The average distance between the two patches
The area of each patch
The amount of energy to be transmitted
The amount of visibility between the patches
We’ll begin by determining the relative angles. This is the major factor in determining how much energy is transmitted and received. To determine this, you simply perform two dot products, each of the surface normals with ‘V’. Be sure to use unit vectors and make sure your results are always positive. If you multiply these together, you’ll have the "differential angle", which will always be a positive value less than 1.0.
We’ll need to consider distance in the equation since the farther away a patch is, the less energy it will receive. We aren’t doing this to account for distance attenuation. We’re doing this because a transmitting patch emits energy to everything on the front side of its plane. Everything that’s not occluded, that is. You can think of a patch as a 180-degree view frustum. In much the same way that objects appear to shrink in a perspective view as they get farther from the viewpoint, receiving patches will occupy less "visible area" as they get farther from their emitting neighbors.
To complicate matters (only slightly) it is important to note that, even though the patch may be square, the patch uses a "hemispherical" emission pattern. What I mean by this, is that a patch emits the most energy along its surface normal, and as the angle increases towards 90-degrees, that energy emission falls off. The direction doesn’t matter, just the angle.
To account for the variation of energy over distance and angle of emission, simply multiply PI by the square of the average distance between the patches. To apply this to your existing answer, simply divide your differential angle by this amount.
At this point, we need to consider occluders by calculating a "visibility scalar." If anything is occluding these two patches, we need to know how much (ranging from 0.0 to 1.0). Most applications simply test a few rays between the two patches, and calculate the visibility scalar based on how many rays intersected an occluder. Some applications are content to test only one ray and consider them completely visible (1.0) or completely occluded (0.0). From experience, I can say that the more accurate your visibility scalar is, the more robust your results will be. Your shadow edges will be much cleaner edges with few jaggies. Since this is a scalar that represents how much of the energy makes it all the way to the receiving patch, simply multiply your running total by this amount.
Finally, we need to take our differential area into account. The differential area is simply calculated by dividing the receiving patch’s area by the transmitting patch’s area. Multiply your running total by this value.
At this point, we have our final result. You’ll need to calculate reflection and illumination for the receiving patch so that the receiver can eventually contribute its reflected energy back to the scene.
The Radiosity Equation
At this point, you should have a pretty solid understanding of how to calculate how much energy to transmit from patch to patch in a scene. I’m going to attempt to solidify this knowledge by linking it to the kind of stuff you’ll see in other references and books.
The standard equation looks like this:
Fig 3: The standard form factor equation according to Cohen & Greenberg (subscript i refers to the transmission patch and subscript j refers to the receiving patch)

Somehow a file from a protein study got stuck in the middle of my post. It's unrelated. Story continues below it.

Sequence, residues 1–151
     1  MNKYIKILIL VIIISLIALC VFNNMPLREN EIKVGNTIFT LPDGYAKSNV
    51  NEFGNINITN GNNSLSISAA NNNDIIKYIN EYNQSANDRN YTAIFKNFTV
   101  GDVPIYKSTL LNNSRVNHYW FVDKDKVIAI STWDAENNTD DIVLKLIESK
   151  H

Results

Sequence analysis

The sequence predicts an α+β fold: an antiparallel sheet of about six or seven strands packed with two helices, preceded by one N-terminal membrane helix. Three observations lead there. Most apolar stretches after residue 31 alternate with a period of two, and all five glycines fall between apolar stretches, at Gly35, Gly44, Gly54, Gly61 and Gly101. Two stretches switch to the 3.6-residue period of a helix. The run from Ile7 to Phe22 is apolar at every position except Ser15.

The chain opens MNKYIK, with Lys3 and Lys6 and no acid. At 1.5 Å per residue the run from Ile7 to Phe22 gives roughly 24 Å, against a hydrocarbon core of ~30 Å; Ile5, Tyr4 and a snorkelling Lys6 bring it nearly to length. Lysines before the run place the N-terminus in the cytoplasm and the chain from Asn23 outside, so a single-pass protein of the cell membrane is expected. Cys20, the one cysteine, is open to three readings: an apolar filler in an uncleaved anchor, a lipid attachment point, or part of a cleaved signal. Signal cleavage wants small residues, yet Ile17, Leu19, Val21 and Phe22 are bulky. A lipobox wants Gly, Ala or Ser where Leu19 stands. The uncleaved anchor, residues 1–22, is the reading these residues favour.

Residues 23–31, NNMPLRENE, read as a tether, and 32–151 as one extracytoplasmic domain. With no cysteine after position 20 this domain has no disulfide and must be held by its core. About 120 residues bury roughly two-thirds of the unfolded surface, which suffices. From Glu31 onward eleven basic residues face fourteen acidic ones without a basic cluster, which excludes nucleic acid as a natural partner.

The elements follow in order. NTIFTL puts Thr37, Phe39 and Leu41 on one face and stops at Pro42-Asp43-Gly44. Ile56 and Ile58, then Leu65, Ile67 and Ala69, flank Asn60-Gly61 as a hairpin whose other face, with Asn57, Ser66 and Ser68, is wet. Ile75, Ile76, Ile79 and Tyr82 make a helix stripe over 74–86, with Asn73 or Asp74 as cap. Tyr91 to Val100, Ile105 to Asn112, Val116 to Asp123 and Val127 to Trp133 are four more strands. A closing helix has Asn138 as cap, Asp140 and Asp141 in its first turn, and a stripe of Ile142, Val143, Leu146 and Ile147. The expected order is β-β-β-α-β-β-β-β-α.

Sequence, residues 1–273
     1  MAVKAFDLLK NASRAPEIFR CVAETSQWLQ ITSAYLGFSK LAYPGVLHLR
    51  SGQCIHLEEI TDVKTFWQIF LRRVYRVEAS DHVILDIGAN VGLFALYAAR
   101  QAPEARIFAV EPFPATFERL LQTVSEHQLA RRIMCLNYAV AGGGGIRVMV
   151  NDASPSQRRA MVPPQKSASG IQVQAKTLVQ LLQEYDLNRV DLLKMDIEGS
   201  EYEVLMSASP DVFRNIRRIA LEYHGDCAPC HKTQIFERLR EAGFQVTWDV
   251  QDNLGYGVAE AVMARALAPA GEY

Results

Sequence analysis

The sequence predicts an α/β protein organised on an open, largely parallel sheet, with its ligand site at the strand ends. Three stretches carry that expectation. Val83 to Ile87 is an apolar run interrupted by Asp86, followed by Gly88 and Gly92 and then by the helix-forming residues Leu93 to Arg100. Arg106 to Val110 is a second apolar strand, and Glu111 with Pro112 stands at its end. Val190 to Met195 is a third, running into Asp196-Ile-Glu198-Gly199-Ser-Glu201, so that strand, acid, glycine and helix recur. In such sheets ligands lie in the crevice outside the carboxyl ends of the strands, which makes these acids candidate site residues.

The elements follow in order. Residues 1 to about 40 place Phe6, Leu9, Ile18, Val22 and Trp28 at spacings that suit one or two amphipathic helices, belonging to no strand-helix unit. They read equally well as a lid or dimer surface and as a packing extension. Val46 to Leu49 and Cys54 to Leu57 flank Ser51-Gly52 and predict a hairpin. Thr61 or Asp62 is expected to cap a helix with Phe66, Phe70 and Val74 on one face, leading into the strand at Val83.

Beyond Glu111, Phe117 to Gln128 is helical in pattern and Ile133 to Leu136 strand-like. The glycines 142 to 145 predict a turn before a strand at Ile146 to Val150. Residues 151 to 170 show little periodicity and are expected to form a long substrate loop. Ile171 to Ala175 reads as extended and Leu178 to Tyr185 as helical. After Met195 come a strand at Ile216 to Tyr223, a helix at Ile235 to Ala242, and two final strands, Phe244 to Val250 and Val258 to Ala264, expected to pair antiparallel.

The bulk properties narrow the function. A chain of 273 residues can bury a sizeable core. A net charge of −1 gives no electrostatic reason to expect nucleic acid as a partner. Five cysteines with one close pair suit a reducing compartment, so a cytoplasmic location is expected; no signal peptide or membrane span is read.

Since we’ve avoided the nested infinite loops, we can simplify this quite a lot:
Fig 4: Simplified form factor equation for differential area patches
If you’re a math wizard, you can probably just skip to the next section now.
If you refer back to the previous section, you should be able to follow this Greek stuff. They refer to the resulting form factor (for transmission patch ‘i' and receiving patch ‘j’) as Fi-j.
The cosines perform the differential angle calculation. We’re using dot products since the dot product results in the cosine of the angle between two vectors, which is exactly what is needed.
To account for distance, we have the division by pi r2 (‘r’ being the distance.) Following that, we apply the relative visibility between the two patches (Hij). And we top it all off with a heavy helping of differential area (dAj).
Dealing with the Numbers
The first thing you’ll notice when writing your first radiosity processor is that your numbers won’t seem to make sense. They’ll probably seem way out of whack compared to your current rendering architecture. You must remember that we’re dealing with energy here, not standard lighting. Our range of possible values is not limited to [0…255].
The trick is going to be finding an adequate method for mapping the energy values into a displayable range. This is much trickier than it may seem, so I won’t get into much detail other than to explain what’s happening and point you in the right direction.
The real world doesn’t know anything about lighting value limits. It just throws energy around and your eyes have to adjust to your environment. Too little energy and you can't see. Too much energy and you can damage your retinas. There is no "upper limit" of light; the physics that control the universe don’t clamp light values to 255 if they get too high.
You’ll need to consider your scene and scale your values into range as appropriate. In doing this, you may still have to clamp any minor overflow into your displayable range.
There are papers, books and other references that discuss this material. Seek and you shall find!
I certainly hope you found this document useful. I rather enjoyed writing it (as I did with its predecessor.)